So, this has been sitting for a while waiting to be read, especially after reading Viv Albertine’s Clothes, Clothes, Clothes. Music, Music, Music. Boys, Boys, Boys. last year. It’s no real secret that I’m a fan of Zoe’s books; I always think that she manages to capture a real sense of the bands without stepping too far into the fan-zone, and remain unbiased.
Here, that’s a little less true, but I do think this might be my favourite of her books. Still thinking about that one… While her adoration for the band shines through, and some bits can feel a bit repetitive, I just think it captures something magnificent in music.
This book is a breeze to get through, and it’s really interesting to read about their standing in being pioneers of sorts for women in punk, while not necessarily aiming to be anything but themselves. But in being themselves unashamedly and doing what they want, that gave them a certain standing whether they wanted it or not. It’s a bit cyclical, but enjoyable nonetheless. That whole part was particularly interesting, as somone whose first few years with alternative music was unintentionally male-dominated.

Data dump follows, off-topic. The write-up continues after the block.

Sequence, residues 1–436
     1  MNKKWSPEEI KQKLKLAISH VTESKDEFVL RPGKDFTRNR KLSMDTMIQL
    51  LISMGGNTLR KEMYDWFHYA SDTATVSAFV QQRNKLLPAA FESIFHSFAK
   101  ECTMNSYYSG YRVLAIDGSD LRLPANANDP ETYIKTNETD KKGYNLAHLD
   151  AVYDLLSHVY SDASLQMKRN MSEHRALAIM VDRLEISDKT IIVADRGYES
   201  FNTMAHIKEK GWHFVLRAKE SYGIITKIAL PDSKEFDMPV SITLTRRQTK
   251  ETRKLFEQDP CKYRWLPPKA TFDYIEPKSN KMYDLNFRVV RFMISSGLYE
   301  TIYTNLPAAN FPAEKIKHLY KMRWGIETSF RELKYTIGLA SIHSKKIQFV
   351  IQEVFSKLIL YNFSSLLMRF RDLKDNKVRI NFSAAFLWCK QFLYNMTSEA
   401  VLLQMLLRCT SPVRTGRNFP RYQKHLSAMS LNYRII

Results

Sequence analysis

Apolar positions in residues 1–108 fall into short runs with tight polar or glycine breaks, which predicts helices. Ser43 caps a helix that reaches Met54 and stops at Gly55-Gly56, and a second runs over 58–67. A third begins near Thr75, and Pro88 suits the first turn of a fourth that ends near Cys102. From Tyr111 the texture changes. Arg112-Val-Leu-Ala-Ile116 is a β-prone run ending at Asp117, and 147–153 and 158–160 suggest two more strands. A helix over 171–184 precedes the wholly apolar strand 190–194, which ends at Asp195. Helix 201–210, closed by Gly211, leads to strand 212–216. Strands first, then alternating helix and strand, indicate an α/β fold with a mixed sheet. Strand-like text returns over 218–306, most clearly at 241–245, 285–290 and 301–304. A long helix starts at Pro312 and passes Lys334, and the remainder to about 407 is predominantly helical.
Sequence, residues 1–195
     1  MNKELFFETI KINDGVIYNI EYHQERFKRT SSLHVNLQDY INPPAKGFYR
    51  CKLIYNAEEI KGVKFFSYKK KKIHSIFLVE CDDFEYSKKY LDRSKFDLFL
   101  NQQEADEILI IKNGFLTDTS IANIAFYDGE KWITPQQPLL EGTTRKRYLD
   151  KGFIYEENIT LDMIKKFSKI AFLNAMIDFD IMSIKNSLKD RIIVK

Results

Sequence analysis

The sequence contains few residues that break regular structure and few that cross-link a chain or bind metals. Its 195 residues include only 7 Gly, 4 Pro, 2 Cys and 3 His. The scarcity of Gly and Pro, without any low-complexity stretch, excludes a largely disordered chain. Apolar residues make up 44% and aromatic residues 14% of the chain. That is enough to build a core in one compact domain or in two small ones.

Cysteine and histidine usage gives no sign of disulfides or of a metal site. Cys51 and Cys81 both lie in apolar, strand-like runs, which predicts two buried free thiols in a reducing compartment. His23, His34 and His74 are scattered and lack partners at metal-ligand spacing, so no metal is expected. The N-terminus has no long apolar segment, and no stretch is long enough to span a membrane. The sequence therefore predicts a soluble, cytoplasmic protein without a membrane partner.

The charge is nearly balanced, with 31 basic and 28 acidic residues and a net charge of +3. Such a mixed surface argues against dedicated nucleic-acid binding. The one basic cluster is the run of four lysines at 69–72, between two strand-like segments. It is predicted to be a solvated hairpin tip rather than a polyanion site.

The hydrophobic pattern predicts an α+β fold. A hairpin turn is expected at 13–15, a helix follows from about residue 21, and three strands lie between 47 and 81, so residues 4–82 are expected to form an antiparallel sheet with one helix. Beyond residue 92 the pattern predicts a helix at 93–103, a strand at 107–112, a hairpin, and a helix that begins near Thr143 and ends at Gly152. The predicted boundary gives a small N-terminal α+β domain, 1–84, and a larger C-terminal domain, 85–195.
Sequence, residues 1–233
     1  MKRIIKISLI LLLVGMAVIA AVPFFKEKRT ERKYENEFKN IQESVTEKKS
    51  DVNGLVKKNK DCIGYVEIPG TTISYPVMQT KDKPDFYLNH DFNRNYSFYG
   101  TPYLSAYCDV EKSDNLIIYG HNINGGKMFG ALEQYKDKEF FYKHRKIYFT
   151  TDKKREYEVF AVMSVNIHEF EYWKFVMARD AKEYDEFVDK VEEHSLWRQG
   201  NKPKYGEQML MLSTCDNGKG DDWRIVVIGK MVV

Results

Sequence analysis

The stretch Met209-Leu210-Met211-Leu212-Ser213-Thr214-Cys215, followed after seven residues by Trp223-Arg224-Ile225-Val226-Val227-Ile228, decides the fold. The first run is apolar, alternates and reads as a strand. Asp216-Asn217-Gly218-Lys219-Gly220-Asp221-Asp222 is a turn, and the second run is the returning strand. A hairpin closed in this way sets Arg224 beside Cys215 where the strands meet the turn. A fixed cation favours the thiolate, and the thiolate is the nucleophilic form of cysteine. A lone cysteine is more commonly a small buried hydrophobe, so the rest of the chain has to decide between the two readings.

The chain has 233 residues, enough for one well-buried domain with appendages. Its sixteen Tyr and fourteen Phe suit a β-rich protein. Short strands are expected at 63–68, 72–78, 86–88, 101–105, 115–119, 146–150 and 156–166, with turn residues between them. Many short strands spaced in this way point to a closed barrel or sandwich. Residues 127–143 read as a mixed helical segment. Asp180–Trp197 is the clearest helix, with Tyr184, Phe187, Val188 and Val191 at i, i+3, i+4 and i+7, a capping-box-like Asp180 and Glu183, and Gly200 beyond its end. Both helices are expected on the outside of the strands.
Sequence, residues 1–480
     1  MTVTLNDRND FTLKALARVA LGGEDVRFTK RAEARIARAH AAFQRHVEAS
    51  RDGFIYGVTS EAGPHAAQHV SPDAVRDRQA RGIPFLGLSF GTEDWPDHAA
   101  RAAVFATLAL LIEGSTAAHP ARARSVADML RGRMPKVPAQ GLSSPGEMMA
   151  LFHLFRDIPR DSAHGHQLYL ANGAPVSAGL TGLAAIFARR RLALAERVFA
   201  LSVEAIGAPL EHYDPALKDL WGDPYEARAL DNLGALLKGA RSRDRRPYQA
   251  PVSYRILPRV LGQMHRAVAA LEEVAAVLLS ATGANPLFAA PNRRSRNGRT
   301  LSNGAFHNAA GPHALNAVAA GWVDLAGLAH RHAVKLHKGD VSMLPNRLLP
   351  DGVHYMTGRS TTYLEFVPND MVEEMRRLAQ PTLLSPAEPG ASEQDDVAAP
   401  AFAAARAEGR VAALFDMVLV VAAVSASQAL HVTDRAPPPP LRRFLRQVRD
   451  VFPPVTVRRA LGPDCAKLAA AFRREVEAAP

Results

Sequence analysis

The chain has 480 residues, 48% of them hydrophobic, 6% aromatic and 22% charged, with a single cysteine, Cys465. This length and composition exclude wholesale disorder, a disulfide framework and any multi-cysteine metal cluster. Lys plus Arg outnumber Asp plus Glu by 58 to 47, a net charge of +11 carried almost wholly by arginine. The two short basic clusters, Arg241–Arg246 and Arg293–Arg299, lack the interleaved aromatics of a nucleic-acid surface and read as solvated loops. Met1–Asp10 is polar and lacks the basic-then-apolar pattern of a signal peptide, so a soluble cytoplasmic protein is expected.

The era and scene in which they were surrounded is particularly great to read more about from a different perspective. Things like the Clash, and John Peel, the misconceptions that an odd comment can make, to internal differences.
I think what I get most from this book is that Howe has managed to reign in the fandom element in her future books. But then again, as someone who loves music, it’s very easy to be drawn into enthusiasm as it oozes from the page. And The Slits are brilliant, so it all just made for a really fun book.